Saturday, 5 June 2010

Stockton Reservoir Carp

Friday 4th June, 08:00 - 19:00. Stockton reservoir, peg 58. Hot and sunny, 15>26>23C. Light NW.

Push finally came to shove with the king carp point.

In order to gain a point in the fishing challenge I have with my pals I need to catch 66lb+ of king carp. I've had a few goes at this in the last month or so with results ranging from a fish or two away from success, to getting nowhere near.

Thus far I'd stuck at doing what I do best, fishing either in the margins using light floats and my centrepin reel, or stalking carp off the top at close quarters. But alas 'nil point'.

A week ago I dabbled with a sub-float zig rig at Snitterfield after the hot sun had fried every last ounce of stalking out of me, and once I'd worked out how to get the contraption cast out and fishing properly I had two carp in quick succession. Ally this with Keith Arthur and the weirdly pot-bellied but arm-muscled Danny Fairbrass always banging on about the merits of the method and I figured a dalliance with the other side; i.e. proper carp fishing was the best route to success.

I was on the bank at Stockton by seven amongst the glorious cool of the morning but it took me until eight to get fishing.

Two barbel rods on alarms - whatever next?
This method was all new to me but I had a clear idea of what I wanted to do and so had an agenda ready for the first hour:

1) Find out how far I could comfortably / accurately cast my small spod (set up on a third rod).
2) Measure the depth of this spot accurately.
3) Pick a far bank marker I could easily cast to even if the wind picked up.
4) Set up zig rigs on two rods at two thirds depth.
5) Ensure the rigs were fishing OK (not tangling) before starting to put bait in.

I cast between the telegraph poles.

Looking into the water there was about 6-8 inches visibility down from the surface. The water I was fishing into was only four foot deep and so no sub floats were needed. I used 15lb fluorocarbon hook lengths straight off the lead.

The rigs came out straight on the first few casts and so I started to get my eye in with the spod. There were at least ten other anglers fishing and the pool was so quiet at this time of the morning I felt more than a little self conscious lobbing out the small spod. To compensate for the sporadic bombardment I turned my alarms off and just watched the rods.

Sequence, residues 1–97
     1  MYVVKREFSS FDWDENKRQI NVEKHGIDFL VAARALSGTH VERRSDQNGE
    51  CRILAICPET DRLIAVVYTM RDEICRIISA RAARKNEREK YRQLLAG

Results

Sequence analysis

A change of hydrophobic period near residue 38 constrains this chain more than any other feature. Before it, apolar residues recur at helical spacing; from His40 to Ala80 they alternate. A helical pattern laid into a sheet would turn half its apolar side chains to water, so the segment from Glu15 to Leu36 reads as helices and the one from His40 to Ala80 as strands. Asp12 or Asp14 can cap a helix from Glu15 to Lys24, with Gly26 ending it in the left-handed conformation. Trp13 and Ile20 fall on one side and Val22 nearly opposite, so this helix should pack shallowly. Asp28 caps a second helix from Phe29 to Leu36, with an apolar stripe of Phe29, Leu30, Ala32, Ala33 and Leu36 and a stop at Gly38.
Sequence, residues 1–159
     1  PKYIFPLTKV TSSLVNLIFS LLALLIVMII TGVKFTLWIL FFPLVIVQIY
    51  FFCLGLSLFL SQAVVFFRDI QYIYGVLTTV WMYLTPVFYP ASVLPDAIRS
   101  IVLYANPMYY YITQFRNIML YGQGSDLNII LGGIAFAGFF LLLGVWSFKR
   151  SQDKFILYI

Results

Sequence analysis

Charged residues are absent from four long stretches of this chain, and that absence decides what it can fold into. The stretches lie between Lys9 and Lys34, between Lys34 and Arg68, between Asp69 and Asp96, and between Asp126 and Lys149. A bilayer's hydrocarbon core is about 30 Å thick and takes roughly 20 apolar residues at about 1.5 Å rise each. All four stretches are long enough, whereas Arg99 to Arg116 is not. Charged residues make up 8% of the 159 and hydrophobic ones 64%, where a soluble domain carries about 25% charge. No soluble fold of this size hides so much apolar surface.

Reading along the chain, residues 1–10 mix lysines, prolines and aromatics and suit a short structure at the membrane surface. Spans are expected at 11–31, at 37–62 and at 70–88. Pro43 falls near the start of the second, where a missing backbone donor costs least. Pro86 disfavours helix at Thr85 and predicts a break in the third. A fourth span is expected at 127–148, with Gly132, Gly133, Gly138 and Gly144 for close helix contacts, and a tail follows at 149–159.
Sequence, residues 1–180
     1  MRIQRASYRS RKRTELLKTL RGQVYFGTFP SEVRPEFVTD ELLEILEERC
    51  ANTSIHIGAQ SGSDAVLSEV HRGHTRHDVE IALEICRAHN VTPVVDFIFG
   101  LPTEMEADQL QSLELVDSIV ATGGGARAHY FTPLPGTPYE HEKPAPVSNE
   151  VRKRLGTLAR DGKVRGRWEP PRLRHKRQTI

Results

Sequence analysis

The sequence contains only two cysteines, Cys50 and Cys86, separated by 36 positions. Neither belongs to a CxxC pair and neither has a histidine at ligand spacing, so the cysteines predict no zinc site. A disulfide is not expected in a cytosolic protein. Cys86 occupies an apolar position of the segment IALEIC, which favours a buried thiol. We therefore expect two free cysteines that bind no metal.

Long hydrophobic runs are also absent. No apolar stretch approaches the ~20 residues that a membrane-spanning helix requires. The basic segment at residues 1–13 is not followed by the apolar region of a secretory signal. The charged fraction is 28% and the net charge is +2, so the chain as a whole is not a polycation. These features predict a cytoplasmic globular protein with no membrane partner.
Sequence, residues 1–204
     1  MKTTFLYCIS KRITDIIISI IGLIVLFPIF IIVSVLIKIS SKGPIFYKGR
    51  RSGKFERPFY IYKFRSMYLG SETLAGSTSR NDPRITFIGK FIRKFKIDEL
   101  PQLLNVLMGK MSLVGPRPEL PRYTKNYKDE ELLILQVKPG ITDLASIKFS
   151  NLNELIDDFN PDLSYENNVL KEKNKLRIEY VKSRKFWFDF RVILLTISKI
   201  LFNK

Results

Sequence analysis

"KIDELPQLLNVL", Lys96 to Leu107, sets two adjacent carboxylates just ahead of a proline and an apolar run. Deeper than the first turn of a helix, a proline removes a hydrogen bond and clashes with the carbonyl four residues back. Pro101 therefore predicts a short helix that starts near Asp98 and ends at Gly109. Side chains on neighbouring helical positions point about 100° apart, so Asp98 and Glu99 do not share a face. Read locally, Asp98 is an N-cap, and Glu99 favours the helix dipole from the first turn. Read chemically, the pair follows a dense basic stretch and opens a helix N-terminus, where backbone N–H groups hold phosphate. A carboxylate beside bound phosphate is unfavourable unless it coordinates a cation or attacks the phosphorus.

Spods away!

Into the spod went a mix of particles, coffee whitener (to create a cloud in the upper layers), fishmeal, salt, sticky sweet particle liquor, vitalin (unground), dry compost and lake water. Testing down the edge revealed some of the mix floated on top whilst the remainder sank slowly leaving a cloud.

As soon as the first spod went in I had carp up on the top picking off the floating bits.

As I said before this was a new method for me and it took over forty five minutes to get the first run. During this time I saw a couple of other guys catch and the 'new method doubt monster' did make an appearance.

One of the reels had braided line on and even before the first run the tip was jumping around from liners indicating the presence of fish.

When the first run came it was a screamer with the fish hitting the surface and spooking maybe ten other carp from the area. It felt good to get a fish under my belt and my confidence was buoyed.

As the day warmed I put out single spods of the mix regularly. My aim improved. I found the best success when I cast the rods first then put a spod over the top of where they'd just landed. At times I saw carp swirling on the surface as soon as the spod hit the surface.

I adjusted both the depth and the baits on the rigs until I found the combination which was most productive. You might not believe me when I tell you the killer bait for the day was....... black foam.

Black foam - king of carp baits!?

Quick change bead and black foam.

Most useful bit of kit this day was the quick change bead between main line and hook length. They allowed me to switch from zig rig to bottom bait in no time at all and also allowed for extensions of line to be added to the zigs when the fish were right up on the surface in the middle of the day. 

As the temperature climbed sport increased. By midday I reckoned I was one fish away from the point. By mid afternoon I'd had over one hundred pounds of carp.

As evening drew in and I ran out of drink I could see the lake bed absolutely fizzing where I'd been putting out my bait. Things quickened around tea time and at one point I had two fish on at once - mental! The bloke in the next peg kindly took one rod from me but not before I had played both fish (with one rod between my knees) to within netting distance.

I caught two carp on bottom baits when things slowed a little near the surface.

Two guys, obviously freshly showered and wearing evening shirts walked around the lake holding ice cold beers at seven in the evening and that did for me. Hot and sticky I packed up and headed home.

A cracking days sport. 151lb of carp by my reckoning.

Eighteen carp for 151lb.

My shadow in the photos moves with the sun.

Here are our challenge scores tonight.


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